In this study we report the results of an experiment that examines how relatively sophisticated financial statement users interpret management stock option compensation disclosures under SFAS No. 123 and SFAS No. 123R. We predict and find that mandated income statement recognition, as required under SFAS No. 123R, leads to higher user assessments of reliability than either voluntary income statement recognition or voluntary footnote disclosure, options allowed under SFAS No. 123. Users view voluntary footnote disclosure as the least reliable reporting alternative. We also examine the amount users invest in response to these accounting treatments, and find that users invest more in a firm when management chooses income statement recognition than when management chooses footnote disclosure. We find no difference in investment amounts between mandated recognition and either voluntary recognition or footnote disclosure. Finally, although we find that these results are insensitive to whether management explicitly disavows the reliability of stock option expense, we present evidence that, in side‐by‐side comparisons, where one firm disavows and the other does not, disavowals may affect user judgments and decisions.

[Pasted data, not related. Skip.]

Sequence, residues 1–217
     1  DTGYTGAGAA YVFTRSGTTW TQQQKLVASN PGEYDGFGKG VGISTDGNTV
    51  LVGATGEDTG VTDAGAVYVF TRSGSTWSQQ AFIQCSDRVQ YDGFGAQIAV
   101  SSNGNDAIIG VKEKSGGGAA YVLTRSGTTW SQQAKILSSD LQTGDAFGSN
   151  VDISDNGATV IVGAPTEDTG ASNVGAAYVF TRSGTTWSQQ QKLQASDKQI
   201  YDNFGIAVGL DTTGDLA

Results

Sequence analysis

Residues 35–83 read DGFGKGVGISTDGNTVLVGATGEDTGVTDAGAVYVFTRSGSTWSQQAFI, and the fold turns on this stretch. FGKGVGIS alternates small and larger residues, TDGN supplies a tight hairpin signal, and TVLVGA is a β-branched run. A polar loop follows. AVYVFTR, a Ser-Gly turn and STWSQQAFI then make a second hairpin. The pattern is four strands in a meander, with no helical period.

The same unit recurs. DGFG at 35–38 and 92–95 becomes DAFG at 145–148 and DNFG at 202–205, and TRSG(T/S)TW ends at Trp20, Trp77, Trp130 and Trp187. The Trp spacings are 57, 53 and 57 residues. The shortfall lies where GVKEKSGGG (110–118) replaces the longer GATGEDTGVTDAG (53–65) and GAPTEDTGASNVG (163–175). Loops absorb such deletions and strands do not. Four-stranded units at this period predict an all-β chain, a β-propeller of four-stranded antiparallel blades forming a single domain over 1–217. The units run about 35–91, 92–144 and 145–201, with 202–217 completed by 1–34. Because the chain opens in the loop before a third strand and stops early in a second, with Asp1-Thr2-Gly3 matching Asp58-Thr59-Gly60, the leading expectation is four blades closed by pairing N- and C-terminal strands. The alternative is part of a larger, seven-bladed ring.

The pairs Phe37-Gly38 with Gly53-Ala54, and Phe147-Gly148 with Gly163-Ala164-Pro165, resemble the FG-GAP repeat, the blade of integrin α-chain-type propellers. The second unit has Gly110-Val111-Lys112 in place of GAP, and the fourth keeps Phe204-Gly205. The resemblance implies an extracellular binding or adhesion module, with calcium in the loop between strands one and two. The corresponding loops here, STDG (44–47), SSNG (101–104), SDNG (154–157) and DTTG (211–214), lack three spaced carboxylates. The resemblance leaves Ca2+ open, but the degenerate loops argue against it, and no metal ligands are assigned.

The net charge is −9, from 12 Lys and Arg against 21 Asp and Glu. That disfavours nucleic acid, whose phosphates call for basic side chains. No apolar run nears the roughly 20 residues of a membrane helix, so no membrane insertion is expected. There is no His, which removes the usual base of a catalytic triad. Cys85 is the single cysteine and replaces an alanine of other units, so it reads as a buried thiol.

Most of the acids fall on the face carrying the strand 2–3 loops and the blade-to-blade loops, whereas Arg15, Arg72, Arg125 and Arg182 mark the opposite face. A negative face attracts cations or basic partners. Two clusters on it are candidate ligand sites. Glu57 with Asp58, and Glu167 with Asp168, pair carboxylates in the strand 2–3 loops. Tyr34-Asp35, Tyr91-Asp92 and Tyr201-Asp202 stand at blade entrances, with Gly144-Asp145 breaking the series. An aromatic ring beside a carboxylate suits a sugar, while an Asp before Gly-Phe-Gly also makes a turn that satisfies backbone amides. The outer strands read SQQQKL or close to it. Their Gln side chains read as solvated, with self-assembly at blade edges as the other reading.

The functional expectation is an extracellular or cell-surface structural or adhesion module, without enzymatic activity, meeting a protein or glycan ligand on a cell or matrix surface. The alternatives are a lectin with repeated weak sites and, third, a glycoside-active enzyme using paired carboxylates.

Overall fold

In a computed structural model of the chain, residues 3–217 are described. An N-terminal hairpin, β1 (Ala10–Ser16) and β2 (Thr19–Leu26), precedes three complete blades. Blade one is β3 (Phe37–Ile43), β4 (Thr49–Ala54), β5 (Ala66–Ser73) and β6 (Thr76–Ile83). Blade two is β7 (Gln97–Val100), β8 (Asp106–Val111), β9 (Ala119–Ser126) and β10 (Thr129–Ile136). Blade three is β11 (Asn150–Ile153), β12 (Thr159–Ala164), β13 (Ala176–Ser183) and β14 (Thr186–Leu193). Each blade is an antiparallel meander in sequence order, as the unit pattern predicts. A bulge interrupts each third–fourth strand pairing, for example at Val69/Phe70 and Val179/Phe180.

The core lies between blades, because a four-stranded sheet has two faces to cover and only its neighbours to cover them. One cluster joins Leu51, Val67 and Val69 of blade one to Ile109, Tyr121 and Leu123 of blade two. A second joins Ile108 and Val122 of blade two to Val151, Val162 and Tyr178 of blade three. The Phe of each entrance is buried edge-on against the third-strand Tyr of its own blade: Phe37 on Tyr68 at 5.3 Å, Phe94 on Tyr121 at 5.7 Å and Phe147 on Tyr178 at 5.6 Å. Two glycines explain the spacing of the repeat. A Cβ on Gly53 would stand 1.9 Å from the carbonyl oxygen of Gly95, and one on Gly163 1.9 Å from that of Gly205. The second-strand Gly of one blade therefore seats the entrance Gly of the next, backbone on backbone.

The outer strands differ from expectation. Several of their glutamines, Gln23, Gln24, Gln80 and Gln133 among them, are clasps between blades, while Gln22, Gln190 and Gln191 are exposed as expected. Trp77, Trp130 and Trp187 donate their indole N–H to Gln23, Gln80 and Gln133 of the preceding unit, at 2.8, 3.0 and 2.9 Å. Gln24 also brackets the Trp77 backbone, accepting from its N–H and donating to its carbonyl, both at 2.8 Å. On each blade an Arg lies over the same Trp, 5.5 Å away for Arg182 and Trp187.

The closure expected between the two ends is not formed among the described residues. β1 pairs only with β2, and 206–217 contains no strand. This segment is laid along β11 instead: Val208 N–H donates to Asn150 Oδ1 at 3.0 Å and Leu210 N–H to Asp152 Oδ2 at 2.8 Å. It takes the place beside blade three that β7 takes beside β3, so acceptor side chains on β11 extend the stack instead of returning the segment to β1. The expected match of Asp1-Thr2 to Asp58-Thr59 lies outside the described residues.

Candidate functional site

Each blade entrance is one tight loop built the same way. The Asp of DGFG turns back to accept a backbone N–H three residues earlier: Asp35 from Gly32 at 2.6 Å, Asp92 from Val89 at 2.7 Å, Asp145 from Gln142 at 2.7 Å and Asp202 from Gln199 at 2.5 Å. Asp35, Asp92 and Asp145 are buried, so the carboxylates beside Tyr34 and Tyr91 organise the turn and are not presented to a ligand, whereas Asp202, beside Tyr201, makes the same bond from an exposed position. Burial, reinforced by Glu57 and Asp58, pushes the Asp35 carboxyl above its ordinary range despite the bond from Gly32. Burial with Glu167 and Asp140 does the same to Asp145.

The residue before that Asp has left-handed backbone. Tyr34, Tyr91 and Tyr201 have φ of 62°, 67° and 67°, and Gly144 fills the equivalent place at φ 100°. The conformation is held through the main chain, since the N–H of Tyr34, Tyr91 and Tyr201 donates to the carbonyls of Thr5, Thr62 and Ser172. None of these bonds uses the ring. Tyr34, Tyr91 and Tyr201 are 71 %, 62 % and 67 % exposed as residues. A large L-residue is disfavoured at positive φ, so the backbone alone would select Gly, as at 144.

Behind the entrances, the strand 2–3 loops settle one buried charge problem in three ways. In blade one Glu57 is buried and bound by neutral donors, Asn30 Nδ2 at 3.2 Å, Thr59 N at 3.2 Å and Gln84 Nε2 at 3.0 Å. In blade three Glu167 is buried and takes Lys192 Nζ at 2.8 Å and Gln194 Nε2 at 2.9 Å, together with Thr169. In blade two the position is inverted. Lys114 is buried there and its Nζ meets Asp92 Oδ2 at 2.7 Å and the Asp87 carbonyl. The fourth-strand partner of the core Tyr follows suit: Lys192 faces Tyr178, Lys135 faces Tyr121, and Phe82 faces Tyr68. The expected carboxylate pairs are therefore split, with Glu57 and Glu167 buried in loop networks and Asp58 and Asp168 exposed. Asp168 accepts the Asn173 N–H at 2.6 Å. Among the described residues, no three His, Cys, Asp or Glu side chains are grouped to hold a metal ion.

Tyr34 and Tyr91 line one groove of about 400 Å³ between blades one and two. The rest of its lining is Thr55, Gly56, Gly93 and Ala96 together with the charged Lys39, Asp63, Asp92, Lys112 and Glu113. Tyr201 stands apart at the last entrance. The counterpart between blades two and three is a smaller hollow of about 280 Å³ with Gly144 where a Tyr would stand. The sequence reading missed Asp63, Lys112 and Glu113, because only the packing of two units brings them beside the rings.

The Evolution of Stock Option Accounting: Disclosure, Voluntary Recognition, Mandated Recognition, and Management Disavowals
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James R. Frederickson, Frank D. Hodge, Jamie H. Pratt; The Evolution of Stock Option Accounting: Disclosure, Voluntary Recognition, Mandated Recognition, and Management Disavowals. The Accounting Review 1 October 2006; 81 (5): 1073–1093. doi: https://doi.org/10.2308/accr.2006.81.5.1073
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